Less than three years ago the momentous and spectacular race among the Powers of Europe for the supremacy of the air began. At first the struggle was confined to two rivals - France and Germany - but as time progressed and the importance of aerial fleets was recognised, other nations, notably Great Britain, entered the field.

Germany obtained an advantage. Experiment and research were taken up at a point which had been reached by French effort; further experiments and researches were carried out in German circles with secret and feverish haste, with the result that within a short time a pronounced degree of efficiency according to German ideals had been attained. The degree of perfection achieved was not regarded with mere academic interest; it marked the parting of the ways: the point where scientific endeavour com manded practical appreciation by turning the success of the laboratory and aerodrome into the channel of commercial manufacture. In other words, systematic and wholesale production was undertaken upon an extensive scale. The component parts were standardised and arrangements were completed with various establishments possessed of the most suitable machinery to perfect a programme for turning out aeronautical requirements in a steady, continuous stream from the moment the crisis developed.

The wisdom of completing these arrangements in anticipation is now apparent. Upon the outbreak of hostilities many German establishments devoted to the production of articles required in the infinite ramifications of commerce found themselves deprived of their markets, but there was no risk that their large plants would be brought to a standstill: the Government ordered the manufacture of aeroplane parts and motors upon an extensive scale. In this manner not only were the industrial establishments kept going, but their production of aeronautical requirements relieved those organisations devoted to the manufacture of armaments, so that the whole resources and facilities of these could be concentrated upon the supply of munitions of war.

In France the air-fleet, although extensive upon the outbreak of war, was somewhat heterogeneous. Experiment was still being pursued: no type had met with definite official recognition, the result being that no arrangements had been completed for the production of one or more standard types upon an elaborate scale comparable with that maintained by Germany. In fact some six months after the outbreak of war there was an appreciable lack of precision on this point in French military. Many of the types which had established their success were forbidden by military decree as mentioned in a previous chapter, while manufacturing arrangements were still somewhat chaotic.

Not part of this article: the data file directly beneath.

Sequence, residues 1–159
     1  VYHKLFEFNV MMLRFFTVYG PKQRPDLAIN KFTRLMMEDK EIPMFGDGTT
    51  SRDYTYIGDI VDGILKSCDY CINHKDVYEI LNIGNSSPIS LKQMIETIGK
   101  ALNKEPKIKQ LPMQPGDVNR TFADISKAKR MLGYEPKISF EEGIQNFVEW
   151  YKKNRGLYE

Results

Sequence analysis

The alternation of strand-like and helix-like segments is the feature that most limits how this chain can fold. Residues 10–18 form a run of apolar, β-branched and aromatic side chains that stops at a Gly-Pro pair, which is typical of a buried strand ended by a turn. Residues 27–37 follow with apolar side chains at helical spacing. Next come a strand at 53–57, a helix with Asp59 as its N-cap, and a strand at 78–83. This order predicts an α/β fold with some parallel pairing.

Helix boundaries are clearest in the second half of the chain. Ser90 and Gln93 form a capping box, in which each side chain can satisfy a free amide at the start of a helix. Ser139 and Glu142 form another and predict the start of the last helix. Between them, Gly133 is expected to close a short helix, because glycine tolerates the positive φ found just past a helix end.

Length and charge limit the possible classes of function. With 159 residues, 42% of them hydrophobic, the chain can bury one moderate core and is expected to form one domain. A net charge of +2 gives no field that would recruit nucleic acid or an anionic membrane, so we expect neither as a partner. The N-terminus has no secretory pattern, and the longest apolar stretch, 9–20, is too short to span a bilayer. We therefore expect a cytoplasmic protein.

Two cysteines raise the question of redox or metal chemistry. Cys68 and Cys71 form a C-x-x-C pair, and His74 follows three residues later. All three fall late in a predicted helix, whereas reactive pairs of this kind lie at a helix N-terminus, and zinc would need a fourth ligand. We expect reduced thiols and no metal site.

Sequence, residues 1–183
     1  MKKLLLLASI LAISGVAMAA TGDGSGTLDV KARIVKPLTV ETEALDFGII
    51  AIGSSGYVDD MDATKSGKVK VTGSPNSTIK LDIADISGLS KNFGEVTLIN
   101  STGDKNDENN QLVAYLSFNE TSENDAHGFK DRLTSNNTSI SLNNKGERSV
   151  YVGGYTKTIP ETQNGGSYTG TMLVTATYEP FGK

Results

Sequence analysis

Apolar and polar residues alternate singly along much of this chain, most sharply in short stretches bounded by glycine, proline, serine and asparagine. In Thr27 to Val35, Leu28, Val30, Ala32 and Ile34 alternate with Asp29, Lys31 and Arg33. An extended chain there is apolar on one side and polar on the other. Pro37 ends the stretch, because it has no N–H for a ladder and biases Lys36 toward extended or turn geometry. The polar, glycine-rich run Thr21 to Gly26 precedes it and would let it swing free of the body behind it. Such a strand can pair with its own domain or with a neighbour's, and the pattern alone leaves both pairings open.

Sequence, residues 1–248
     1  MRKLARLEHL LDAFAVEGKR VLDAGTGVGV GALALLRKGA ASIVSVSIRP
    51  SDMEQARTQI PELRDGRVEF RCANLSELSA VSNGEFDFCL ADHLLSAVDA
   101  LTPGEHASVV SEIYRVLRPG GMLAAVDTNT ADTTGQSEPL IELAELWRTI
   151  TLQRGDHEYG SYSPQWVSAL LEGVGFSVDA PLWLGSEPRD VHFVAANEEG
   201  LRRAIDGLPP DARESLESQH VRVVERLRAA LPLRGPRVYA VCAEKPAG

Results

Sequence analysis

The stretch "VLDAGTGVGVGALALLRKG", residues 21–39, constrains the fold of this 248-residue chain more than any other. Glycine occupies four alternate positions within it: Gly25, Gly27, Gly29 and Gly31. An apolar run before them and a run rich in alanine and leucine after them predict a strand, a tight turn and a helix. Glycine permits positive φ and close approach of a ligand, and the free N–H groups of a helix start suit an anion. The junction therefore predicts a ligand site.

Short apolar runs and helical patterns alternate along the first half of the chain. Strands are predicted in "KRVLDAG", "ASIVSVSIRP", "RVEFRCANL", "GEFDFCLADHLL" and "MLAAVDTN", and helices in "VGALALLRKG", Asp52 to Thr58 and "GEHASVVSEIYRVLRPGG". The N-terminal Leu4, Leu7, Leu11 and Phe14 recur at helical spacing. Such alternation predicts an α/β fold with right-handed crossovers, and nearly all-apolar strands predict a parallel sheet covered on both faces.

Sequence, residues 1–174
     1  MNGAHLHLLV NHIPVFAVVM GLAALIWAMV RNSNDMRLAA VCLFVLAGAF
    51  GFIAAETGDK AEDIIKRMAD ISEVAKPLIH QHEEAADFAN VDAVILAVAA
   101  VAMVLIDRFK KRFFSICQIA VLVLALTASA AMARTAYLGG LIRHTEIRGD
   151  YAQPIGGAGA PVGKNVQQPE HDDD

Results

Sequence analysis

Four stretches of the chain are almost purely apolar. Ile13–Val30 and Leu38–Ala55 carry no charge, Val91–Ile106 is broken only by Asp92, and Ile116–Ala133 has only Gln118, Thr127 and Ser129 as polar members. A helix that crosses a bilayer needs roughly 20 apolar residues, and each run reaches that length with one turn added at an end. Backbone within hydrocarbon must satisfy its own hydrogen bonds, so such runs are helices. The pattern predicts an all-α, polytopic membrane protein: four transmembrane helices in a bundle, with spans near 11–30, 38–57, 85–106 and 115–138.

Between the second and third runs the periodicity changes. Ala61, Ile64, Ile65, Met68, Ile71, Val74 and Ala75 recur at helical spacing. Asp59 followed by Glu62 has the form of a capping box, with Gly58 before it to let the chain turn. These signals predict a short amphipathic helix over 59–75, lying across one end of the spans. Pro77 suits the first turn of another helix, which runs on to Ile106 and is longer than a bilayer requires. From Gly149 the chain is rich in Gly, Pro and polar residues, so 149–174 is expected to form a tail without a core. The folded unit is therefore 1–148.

Great Britain was still more backward in the new movement. But this state of affairs was in a measure due to the division of the Fourth Arm among the two services. A well-organised Government manufactory for the production of aeroplanes and other aircraft necessities had been established, while the private manufacturers had completed preparations for wholesale production. But it was not until the Admiralty accepted responsibility for the aerial service that work was essayed in grim earnest.

The allocation of the aerial responsibilities of Great Britain to the Admiralty was a wise move. Experience has revealed the advantages accruing from the perfection of homogeneous squadrons upon the water, that is to say groups of ships which are virtually sister-craft of identical speed, armament, and so on, thus enabling the whole to act together as a complete effective unit. As this plan had proved so successful upon the water, the Admiralty decided to apply it to the fleet designed for service in the air above.

At the time this plan of campaign was definitely settled Great Britain as an aerial power was a long way behind her most fomidable rival, but strenuous efforts were made to reduce the handicap, and within a short while the greater part of this leeway had been made up. Upon the outbreak of war Great Britain undoubtedly was inferior to Germany in point of numbers of aircraft, but the latter Power was completely outclassed in efficiency, and from the point of view of PERSONNEL. The British had developed the waterplane as an essential auxiliary to naval operations, and here was in advance of her rival, who had practically neglected this line of eeperiment and evolution, resting secure in the assurance of her advisers that the huge dirigibles would be adequate for all exigencies on the water.

Indeed, when war was declared, all the Powers were found more or less wanting so far as their aerial fleets were concerned. If Germany's huge aerial navy had been in readiness for instant service when she invaded Belgium, she would have overcome that little country's resistance in a far shorter time and with much less waste of life. It was the Belgians who first brought home to the belligerents the prominent part that aircraft were destined to play in war, and the military possibilities of the aeroplane. True, the Belgians had a very small aerial navy, but it was put to work without delay and accomplished magnificent results, ascertaining the German positions and dispositions with unerring accuracy and incredible ease, and thus enabling the commander of the Belgian Army to dispose his relatively tiny force to the best advantage, and to offer the most effective resistance.

Great Britain's aerial navy, while likewise some what small, was also ready for instant service. The British Expeditionary force was supported by a very efficient aerial fleet, the majority of the vessels forming which flew across the Channel at high speed to the British headquarters in France so as to be available directly military preparations were begun, and the value of this support proved to be inestimable, since it speedily demoralised the numerically superior enemy.